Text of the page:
Our adopted and foster kiddos come to us with a story that has already begun. No matter what age they come to their family. And…it’s our job as adoptive and foster parents to honor their story. Their WHOLE story.
Many kiddos come to a family of a culture or race different from their own. And just as important it is to honor their story, we also need to honor their culture and their race.
My girls came from Russia. Honoring their culture has been important to me as their mom. Having Russian storybooks. Russian food. Russian artwork. Russian music. I want my girls to know I honor their whole story.
While there have been times they didn’t want to be from a different culture and just wanted to be part of our family, I have shown them that their WHOLE story matters. It is part of who they are.
The other night in CONNECT, we were talking all about honoring cultural and racial differences within an adoptive or foster family.
Our guest speaker, Rachel Garlinghouse, is a mom of four children, all of whom were adopted domestically and transracially at birth. Her decade's worth of experience has been shared on CNN, NPR, MSNBC, and CBS, and she's reached millions of readers with her articles on race, adoption, and health. She is the author of six books, including The Hopeful Mom's Guide to Adoption: The Wit and Wisdom You Need for the Journey. Rachel is a woman of faith, type 1 diabetic, and breast cancer survivor who loves French fries, kitchen dance parties, and rocking a top knot. Rachel and her husband of fifteen years live with their children just outside St. Louis. Keep up with their family's adventures on their blog, Instagram, Facebook, Twitter, and Pinterest.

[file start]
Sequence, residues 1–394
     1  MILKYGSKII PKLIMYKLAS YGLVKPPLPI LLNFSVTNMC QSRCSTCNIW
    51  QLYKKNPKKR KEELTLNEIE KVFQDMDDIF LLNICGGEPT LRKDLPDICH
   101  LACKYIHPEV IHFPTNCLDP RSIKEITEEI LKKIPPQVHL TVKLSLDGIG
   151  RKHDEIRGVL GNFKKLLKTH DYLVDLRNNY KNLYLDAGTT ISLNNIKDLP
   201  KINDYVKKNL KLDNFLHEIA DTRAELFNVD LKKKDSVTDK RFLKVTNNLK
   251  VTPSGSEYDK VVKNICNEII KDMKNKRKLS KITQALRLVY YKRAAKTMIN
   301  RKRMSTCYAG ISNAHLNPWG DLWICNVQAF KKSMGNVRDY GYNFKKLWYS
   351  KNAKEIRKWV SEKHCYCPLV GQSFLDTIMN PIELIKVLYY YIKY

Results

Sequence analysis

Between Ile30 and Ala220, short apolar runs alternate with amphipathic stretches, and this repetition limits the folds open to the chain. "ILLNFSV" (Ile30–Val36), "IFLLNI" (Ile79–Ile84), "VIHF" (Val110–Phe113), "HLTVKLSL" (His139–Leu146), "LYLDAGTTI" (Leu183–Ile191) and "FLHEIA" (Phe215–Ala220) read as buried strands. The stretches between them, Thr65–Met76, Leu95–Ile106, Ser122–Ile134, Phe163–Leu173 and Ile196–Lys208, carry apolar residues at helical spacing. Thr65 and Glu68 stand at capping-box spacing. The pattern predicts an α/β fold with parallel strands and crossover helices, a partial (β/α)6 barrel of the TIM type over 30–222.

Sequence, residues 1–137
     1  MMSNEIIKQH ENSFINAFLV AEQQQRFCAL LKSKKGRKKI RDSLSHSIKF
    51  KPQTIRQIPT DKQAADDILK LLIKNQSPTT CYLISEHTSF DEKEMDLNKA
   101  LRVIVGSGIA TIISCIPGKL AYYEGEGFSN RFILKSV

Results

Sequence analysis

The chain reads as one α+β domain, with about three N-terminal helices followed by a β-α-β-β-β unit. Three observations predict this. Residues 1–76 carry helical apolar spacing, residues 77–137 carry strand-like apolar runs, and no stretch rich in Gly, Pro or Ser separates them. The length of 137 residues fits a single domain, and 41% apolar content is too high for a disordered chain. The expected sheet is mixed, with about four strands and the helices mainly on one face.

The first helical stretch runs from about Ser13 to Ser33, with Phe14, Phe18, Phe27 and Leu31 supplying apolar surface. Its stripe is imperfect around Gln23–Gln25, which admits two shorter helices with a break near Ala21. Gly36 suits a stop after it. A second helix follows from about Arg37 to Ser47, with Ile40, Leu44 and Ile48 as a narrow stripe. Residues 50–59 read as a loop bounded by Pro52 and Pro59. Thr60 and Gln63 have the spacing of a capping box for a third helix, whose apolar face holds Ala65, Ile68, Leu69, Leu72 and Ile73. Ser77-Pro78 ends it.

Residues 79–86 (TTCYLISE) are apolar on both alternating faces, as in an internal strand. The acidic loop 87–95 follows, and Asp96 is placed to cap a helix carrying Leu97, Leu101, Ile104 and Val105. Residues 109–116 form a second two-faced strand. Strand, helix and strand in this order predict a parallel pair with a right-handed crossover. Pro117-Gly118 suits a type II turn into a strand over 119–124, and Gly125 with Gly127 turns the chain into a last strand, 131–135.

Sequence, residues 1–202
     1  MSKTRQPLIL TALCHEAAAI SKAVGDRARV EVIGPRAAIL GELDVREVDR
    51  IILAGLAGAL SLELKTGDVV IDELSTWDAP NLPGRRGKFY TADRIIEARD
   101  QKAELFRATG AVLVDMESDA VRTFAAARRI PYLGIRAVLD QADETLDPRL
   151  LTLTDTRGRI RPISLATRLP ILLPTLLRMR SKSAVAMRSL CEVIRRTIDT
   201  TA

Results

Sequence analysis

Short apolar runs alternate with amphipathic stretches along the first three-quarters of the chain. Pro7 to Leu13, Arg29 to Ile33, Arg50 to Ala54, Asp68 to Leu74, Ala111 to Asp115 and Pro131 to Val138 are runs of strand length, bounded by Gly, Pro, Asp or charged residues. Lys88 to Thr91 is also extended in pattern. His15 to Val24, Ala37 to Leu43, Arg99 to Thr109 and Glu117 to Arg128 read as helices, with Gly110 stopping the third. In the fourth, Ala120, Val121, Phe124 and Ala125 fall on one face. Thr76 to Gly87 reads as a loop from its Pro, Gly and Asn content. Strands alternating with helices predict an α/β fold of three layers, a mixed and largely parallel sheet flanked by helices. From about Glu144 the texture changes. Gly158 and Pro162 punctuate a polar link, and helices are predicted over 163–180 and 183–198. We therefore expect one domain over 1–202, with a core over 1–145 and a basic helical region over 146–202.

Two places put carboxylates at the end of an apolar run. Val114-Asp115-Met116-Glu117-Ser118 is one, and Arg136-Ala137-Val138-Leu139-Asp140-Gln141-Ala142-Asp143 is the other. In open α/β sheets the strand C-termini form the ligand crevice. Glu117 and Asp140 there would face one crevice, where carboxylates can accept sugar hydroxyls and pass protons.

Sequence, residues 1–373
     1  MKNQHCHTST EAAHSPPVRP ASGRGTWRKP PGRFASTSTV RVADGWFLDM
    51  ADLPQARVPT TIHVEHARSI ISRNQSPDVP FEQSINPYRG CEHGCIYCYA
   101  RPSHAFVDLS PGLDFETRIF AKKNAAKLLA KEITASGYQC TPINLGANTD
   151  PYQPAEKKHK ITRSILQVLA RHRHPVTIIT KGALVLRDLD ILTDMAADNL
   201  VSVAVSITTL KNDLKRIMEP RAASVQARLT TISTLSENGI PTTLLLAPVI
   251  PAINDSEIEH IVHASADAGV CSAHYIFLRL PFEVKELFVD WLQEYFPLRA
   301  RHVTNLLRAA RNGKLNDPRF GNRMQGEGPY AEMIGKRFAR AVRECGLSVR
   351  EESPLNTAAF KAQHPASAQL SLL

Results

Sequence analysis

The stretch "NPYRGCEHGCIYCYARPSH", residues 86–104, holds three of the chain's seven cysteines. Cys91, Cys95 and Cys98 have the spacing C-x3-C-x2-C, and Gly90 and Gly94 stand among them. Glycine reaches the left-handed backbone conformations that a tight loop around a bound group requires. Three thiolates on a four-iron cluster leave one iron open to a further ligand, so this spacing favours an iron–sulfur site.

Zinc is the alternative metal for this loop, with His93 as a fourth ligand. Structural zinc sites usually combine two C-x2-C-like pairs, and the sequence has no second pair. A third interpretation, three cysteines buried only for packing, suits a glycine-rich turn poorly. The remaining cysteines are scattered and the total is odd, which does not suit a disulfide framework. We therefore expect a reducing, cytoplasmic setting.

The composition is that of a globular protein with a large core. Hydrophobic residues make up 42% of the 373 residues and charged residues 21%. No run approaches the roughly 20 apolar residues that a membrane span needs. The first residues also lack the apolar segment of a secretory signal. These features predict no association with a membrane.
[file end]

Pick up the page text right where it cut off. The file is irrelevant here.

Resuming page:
As you go forward, find ways to honor your child’s culture. Your child’s race. Your child’s past. Your child’s story. His WHOLE story!
P.S. If you'd like to join us in the group, we'd love to have you. Click here for more info and to sign up.